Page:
The need for a Covid-19 agile strategy

The impact of Covid-19 and the need for an agile strategy

20th March 2020

Will Barnett



Understandably, many of us are busy reacting to the short- term upheaval and change caused by the outbreak of the Coronavirus which has developed at lightning pace. We are focussed on getting through this initial turmoil. However, this short article outlines an approach to developing a Covid-19 agile strategy that can help you to succeed this year.

Little more than eight weeks ago, it was business as usual, punctured by intermittent news updates about a novel virus in the largely unknown Chinese city of Wuhan. Like many, I thought that this would be another SARS related local outbreak, which would affect that region and the customers they serve.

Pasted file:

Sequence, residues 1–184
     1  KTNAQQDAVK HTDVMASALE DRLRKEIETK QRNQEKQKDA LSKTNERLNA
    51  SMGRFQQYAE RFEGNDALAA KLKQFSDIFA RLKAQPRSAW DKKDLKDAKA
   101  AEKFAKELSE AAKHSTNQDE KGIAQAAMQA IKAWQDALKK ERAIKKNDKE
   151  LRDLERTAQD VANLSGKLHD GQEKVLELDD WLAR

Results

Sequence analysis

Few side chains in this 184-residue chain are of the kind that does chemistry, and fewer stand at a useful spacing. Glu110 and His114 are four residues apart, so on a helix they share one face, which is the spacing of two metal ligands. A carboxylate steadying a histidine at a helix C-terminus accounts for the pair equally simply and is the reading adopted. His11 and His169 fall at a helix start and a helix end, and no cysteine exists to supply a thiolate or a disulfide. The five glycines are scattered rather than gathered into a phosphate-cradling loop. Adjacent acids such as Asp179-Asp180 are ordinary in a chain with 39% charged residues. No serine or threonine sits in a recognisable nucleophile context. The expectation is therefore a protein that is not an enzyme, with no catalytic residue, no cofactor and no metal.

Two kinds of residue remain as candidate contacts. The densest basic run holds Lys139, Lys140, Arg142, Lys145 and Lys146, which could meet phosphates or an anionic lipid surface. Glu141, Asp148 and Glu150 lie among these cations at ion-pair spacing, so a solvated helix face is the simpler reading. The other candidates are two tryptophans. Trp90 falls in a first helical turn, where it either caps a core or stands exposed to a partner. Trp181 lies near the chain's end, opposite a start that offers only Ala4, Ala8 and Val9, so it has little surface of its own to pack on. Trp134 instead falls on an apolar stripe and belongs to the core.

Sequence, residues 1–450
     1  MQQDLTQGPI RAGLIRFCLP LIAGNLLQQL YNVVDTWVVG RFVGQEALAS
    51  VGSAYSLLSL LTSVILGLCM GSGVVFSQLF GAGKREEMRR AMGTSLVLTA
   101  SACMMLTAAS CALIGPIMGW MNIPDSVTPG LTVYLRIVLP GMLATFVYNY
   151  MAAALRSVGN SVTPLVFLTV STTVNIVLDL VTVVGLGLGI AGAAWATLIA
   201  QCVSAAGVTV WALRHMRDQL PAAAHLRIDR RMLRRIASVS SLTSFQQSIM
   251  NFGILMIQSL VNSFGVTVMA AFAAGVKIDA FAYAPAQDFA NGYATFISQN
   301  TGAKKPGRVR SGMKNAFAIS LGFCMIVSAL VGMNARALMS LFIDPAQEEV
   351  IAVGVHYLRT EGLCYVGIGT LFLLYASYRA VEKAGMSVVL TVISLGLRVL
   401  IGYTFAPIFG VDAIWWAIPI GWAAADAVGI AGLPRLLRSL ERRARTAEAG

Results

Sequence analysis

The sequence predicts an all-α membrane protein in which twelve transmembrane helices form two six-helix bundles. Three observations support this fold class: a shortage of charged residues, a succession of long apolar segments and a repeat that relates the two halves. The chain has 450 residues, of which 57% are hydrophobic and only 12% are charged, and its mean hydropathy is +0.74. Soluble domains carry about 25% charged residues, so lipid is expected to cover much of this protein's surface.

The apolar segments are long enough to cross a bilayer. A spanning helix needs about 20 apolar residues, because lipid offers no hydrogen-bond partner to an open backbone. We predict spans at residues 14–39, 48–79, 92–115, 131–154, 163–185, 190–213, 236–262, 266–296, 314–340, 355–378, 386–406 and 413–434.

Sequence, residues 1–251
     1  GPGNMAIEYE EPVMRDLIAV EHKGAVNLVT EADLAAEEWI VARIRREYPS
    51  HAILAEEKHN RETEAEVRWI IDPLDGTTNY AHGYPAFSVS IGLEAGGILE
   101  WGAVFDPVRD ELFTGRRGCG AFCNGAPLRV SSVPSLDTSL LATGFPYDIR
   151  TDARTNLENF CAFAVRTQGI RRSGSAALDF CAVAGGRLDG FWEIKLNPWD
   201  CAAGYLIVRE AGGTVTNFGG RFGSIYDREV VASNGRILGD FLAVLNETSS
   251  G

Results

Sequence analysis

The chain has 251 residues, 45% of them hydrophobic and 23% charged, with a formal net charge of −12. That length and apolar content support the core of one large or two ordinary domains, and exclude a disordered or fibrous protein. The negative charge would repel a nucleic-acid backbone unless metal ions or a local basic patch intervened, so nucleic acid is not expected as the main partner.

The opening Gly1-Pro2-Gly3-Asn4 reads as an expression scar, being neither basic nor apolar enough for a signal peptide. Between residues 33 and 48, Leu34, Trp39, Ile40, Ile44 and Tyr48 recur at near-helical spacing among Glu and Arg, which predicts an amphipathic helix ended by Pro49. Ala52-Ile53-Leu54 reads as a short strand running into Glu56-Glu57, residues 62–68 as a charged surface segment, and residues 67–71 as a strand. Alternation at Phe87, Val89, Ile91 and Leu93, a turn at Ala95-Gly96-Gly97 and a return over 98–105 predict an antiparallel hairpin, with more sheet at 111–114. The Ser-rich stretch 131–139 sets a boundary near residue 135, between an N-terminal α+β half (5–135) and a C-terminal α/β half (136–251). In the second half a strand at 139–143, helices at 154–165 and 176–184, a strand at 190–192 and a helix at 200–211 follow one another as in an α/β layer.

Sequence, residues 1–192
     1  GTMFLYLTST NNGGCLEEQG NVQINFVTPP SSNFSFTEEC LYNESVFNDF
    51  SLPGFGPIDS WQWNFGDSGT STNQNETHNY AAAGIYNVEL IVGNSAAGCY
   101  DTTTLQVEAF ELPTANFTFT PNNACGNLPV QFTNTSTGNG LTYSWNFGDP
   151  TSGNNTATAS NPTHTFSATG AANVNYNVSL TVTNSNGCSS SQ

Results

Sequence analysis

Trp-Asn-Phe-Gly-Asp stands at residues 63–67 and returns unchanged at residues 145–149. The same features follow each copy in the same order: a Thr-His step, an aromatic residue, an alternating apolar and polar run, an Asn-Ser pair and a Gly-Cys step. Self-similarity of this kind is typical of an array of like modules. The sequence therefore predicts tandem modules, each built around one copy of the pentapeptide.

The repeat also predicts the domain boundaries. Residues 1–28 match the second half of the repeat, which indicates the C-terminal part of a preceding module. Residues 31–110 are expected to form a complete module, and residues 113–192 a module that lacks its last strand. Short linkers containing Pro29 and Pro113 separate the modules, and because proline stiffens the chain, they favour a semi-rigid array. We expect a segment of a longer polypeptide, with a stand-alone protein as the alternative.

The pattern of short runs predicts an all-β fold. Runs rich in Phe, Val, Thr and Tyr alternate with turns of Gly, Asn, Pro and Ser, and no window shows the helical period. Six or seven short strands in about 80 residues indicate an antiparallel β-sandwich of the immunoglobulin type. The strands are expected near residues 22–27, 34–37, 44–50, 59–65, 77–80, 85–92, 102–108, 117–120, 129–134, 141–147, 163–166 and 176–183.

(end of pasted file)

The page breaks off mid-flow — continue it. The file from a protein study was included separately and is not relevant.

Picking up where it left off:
However, like no other disease for a generation, CovId-19 has officially become a global pandemic taking almost every major eastern and western economy to the lowest level since the start of the 2008 recession, wiping billions off companies overnight and sending markets in to free-fall.

Perhaps the most striking changes are the ones day to day in all our lives which have never previously been discussed or rehearsed. Offices globally have already shut up shop, schools have closed or are closing, exams delayed, workers are operating from home either in defensive self-isolation or self-imposed quarantine.

Some positive news

Despite initially adopting a contain mindset, the shift in UK government's approach under the guidance of science, appears to be taking a reassuringly more aggressive lock-down approach, to mirror the successful containment in parts of Asia, notably China, Hong Kong, Taiwan and Singapore which appears to having some successful outcomes.

China New Case Count

Image courtesy of Worldometer

At this stage, few of us have any idea how long the pandemic will last. Some, optimistically believe it will blow over in the summer, others think that it will have a lull but return again in the winter months.